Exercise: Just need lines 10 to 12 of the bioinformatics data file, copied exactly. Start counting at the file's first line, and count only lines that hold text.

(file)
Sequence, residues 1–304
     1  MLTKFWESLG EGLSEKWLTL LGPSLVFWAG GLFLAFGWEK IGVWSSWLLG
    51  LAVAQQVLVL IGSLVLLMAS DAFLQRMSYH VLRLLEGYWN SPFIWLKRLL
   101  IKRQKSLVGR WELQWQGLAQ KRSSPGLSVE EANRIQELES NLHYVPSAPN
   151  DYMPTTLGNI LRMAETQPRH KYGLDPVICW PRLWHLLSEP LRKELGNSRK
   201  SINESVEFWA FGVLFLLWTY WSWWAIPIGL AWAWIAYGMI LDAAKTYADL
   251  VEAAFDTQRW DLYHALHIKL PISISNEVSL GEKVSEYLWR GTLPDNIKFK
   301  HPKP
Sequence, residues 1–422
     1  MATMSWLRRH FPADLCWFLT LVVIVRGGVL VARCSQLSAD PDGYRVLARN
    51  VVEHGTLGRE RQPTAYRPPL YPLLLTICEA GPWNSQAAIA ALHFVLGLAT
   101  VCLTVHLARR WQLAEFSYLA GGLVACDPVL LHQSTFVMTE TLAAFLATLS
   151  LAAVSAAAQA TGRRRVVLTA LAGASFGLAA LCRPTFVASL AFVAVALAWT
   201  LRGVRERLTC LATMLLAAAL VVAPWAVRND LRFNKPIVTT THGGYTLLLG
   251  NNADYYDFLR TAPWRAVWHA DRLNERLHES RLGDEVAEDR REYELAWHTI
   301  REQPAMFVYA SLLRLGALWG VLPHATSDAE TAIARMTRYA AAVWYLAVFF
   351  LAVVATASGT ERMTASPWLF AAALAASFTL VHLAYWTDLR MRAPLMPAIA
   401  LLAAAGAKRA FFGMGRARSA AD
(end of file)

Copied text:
     1  MATMSWLRRH FPADLCWFLT LVVIVRGGVL VARCSQLSAD PDGYRVLARN
    51  VVEHGTLGRE RQPTAYRPPL YPLLLTICEA GPWNSQAAIA ALHFVLGLAT
   101  VCLTVHLARR WQLAEFSYLA GGLVACDPVL LHQSTFVMTE TLAAFLATLS